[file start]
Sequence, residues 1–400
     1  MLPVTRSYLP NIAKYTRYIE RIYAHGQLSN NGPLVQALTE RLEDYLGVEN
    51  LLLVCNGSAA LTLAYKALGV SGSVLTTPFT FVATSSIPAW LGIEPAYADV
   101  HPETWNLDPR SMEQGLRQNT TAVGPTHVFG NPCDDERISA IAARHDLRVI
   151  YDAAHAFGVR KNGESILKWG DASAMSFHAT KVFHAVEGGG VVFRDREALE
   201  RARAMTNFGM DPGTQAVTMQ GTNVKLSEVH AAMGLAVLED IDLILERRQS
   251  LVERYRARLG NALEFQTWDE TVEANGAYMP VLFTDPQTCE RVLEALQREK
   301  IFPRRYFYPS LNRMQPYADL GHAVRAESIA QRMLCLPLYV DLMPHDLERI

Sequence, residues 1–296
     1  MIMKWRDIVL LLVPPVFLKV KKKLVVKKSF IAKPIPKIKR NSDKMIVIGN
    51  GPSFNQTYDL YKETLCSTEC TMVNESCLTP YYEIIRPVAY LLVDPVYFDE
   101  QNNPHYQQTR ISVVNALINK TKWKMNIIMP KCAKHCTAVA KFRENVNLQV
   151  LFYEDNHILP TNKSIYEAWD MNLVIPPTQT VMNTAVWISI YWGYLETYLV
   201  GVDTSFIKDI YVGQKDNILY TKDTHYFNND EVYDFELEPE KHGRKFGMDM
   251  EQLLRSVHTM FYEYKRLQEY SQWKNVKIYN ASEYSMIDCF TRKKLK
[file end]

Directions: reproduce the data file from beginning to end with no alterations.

Sequence, residues 1–400
     1  MLPVTRSYLP NIAKYTRYIE RIYAHGQLSN NGPLVQALTE RLEDYLGVEN
    51  LLLVCNGSAA LTLAYKALGV SGSVLTTPFT FVATSSIPAW LGIEPAYADV
   101  HPETWNLDPR SMEQGLRQNT TAVGPTHVFG NPCDDERISA IAARHDLRVI
   151  YDAAHAFGVR KNGESILKWG DASAMSFHAT KVFHAVEGGG VVFRDREALE
   201  RARAMTNFGM DPGTQAVTMQ GTNVKLSEVH AAMGLAVLED IDLILERRQS
   251  LVERYRARLG NALEFQTWDE TVEANGAYMP VLFTDPQTCE RVLEALQREK
   301  IFPRRYFYPS LNRMQPYADL GHAVRAESIA QRMLCLPLYV DLMPHDLERI

Sequence, residues 1–296
     1  MIMKWRDIVL LLVPPVFLKV KKKLVVKKSF IAKPIPKIKR NSDKMIVIGN
    51  GPSFNQTYDL YKETLCSTEC TMVNESCLTP YYEIIRPVAY LLVDPVYFDE
   101  QNNPHYQQTR ISVVNALINK TKWKMNIIMP KCAKHCTAVA KFRENVNLQV
   151  LFYEDNHILP TNKSIYEAWD MNLVIPPTQT VMNTAVWISI YWGYLETYLV
   201  GVDTSFIKDI YVGQKDNILY TKDTHYFNND EVYDFELEPE KHGRKFGMDM
   251  EQLLRSVHTM FYEYKRLQEY SQWKNVKIYN ASEYSMIDCF TRKKLK